Travel & Outdoors

Ready for the frosty forecast? Here’s your definitive checklist!

Ready for the frosty forecast? Here’s your definitive checklist!

With the SA Weather Service warning of possible snow in parts of the country later this week, South Africans are urged to take proactive steps to adequately prepare for the winter chill.

“Winter poses some unique risks,” says Elmarie Twilley, spokesperson for Afrikaans insurance brand, Virseker. “It’s therefore imperative to ensure that you are aware of these risks and are thoroughly prepared both at home and on the road.”

Virseker offers the following crucial home safety and driving tips for winter:

Tips for around the house:

  • Gutters – check all gutters and your house’s roof for a build-up of leaves, as these not only cause a fire hazard in the dry winter months, but also blockages that could lead to substantial damage when the rains start again.
  • Cracks – check all structures, especially support structures for roofs and decks, for cracks. When moisture gathers in these cracks and freezes at night, they expand, causing even more damage.
  • Snow and frost – If you are in an area prone to severe frost or even snow, make sure that the structures around your home can handle the extra weight, and that you are equipped to clear any build-ups as need be. Reinforce structures where necessary.
  • Geyser – have your geyser checked to make sure that parts like the element and thermostat are working, that all wiring is safe and that there are no leaks. Consider investing in a geyser timer and geyser blanket to not only save on electricity, but also to help avoid a burst geyser caused by extreme fluctuations in heating and cooling.
  • Circuit breaker –check that this is working properly. The strain on your home’s electricity supply is often higher in winter and a faulty trip switch could significantly increase the risk of a fire.
  • Cables and wiring – summer hibernation months aren’t kind to winter appliances’ wiring, so check all the cables of your heating appliances for cracks and breaks to avoid the  risk of fire.
  • Electric blanket – check forfaulty wiring as this poses a fire and electrocution risk. Also try get into the habit of only switching the blanket on shortly before going  to bed and off the moment you get in..
  • Switch off during power failures – If the power’s out and you’re unsure if an appliance is really ‘on’ or not, steer on the safe side and turn off the power at the mains or unplug the appliance.
  • Fuels – make sure that devices that use fuels like gas and paraffin are in good working order, and that the fuels are safely stored away from your home.

Tips for your car:

  • Wiper motors – If your car is parked outside, be sure to turn the wipers off before turning off your car. Ice build-up on the wiper blades may strain or burn out the wiper motor if the wipers are used immediately on start-up. Before you leave the house on a cold, winter morning, clear any frost from the windscreen and wipers with warm but not boiling water as boiling water can cause your windscreen to crack.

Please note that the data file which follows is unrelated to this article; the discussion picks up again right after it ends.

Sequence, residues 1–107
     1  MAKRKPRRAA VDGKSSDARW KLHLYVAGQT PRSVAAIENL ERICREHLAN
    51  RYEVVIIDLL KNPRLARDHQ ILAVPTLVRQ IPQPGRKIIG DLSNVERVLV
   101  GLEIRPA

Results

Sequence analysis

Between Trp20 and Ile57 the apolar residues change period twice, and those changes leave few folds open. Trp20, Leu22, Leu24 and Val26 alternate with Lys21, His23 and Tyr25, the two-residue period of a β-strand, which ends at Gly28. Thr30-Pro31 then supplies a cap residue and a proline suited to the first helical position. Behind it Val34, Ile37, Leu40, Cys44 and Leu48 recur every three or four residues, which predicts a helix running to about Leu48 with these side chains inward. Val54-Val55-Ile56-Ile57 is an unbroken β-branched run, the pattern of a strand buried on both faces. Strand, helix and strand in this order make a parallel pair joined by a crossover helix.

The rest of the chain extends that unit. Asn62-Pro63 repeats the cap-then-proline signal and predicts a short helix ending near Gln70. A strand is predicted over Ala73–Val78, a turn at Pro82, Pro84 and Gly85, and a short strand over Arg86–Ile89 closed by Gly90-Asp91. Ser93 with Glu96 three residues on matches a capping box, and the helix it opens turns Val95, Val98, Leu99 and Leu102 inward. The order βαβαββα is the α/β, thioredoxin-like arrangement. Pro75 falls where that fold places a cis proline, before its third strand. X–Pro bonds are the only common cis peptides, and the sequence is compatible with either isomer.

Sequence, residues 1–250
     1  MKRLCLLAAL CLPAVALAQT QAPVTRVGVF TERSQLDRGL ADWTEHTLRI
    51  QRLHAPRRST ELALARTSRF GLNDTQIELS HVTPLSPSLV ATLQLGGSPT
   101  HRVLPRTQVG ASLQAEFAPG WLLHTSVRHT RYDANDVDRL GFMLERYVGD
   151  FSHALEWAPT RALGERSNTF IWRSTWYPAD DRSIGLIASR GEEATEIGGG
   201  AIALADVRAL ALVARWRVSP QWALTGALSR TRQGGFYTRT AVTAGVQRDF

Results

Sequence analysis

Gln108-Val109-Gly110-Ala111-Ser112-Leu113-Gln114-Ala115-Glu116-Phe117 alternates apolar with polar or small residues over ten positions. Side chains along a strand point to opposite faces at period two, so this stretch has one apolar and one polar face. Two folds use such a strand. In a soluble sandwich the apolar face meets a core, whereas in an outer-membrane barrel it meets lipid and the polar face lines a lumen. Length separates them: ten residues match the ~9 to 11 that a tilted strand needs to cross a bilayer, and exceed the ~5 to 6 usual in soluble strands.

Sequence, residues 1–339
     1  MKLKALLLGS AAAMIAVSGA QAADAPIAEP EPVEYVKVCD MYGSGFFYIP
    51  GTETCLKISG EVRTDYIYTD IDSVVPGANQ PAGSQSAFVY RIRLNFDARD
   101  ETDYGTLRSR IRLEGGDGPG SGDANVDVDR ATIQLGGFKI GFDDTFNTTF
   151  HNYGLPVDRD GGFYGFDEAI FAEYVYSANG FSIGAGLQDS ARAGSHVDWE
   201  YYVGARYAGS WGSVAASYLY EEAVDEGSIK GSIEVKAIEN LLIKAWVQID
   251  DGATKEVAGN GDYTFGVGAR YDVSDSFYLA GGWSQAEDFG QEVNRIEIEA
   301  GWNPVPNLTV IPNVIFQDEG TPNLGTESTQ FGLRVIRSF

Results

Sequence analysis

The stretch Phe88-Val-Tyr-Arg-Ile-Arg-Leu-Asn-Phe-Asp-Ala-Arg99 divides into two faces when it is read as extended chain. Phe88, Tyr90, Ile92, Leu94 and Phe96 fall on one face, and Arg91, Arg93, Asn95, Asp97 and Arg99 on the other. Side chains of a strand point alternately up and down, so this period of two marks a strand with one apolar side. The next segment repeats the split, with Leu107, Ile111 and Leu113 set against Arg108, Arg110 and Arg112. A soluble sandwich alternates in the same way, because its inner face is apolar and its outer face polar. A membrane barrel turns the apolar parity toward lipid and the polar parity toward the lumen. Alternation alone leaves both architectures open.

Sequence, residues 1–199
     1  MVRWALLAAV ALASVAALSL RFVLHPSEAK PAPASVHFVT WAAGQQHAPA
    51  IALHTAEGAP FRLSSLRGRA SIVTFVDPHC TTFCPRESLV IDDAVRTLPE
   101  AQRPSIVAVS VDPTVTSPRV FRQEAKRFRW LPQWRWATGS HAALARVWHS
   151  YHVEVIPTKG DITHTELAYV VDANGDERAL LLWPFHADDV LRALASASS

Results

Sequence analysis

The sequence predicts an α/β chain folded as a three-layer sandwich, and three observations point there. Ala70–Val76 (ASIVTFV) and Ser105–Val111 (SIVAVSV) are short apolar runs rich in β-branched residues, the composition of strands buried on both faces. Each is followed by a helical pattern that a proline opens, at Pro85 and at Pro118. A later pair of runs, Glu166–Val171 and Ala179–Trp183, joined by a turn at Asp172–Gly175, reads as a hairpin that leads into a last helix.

• Tread – Make sure your tyres have adequate tread. Driving with worn or unmaintained tyres is a hazard not only for yourself, but for other drivers on the road as well – especially in icy conditions.
  • Pressures – Low temperatures can cause low tyre pressure. A tyre that is inflated at 2 bar in spring and summer could easily drop to 1.8 bar in cold weather so make sure your car’s tyres are correctly inflated.
  • Charged and oiled up – Engines are harder to start due to lower battery power and lower oil fluidity caused by lower temperatures so make sure that your car’s battery is checked, the oil is changed if need be and that it is up to manufacturer’s thickness standards.
  • Rough start – The lower the temperature, the lower the rate of fuel evaporation and the harder it is for the fuel in your engine to ignite. If you haven’t had your car serviced in a while, now’s the time to get it done. Even a fresh set of spark plugs can make a significant difference.
  • Fight the freeze – Use the correct mix of antifreeze and water to ensure optimum freezing and boiling point. A concentration of between 40% and 50% (by volume) is recommended by the Automobile Association.
  • Fogged up – Foggy and frosty windows are big safety risk in winter. Make sure your car’s defogger and defroster work. Also, make sure the heater is working, but take care, as a too hot interior can lead to drowsiness.
  • Chip check – Small chips can turn into major cracks when the temperature fluctuates, especially if moisture gets into them, so it’s best to have your vehicle’s windscreen checked and repaired as soon as possible.
  • Fuel smart – Always keep your fuel tank over half full. In the winter, if you do get stuck or stranded, the engine will be your only source of heat.
  • Beware the glare – Winter glare, where drivers are temporarily dazed or blinded by the sun, contributes to thousands of accidents worldwide. In winter, the sun is near the horizon during peak morning and afternoon traffic and sun visors offer little or no protection. Wear a good pair of sunnies and adjust your speed when there’s reduced visibility.

Get It Magazine (Ballito/Umhlanga) May 2018

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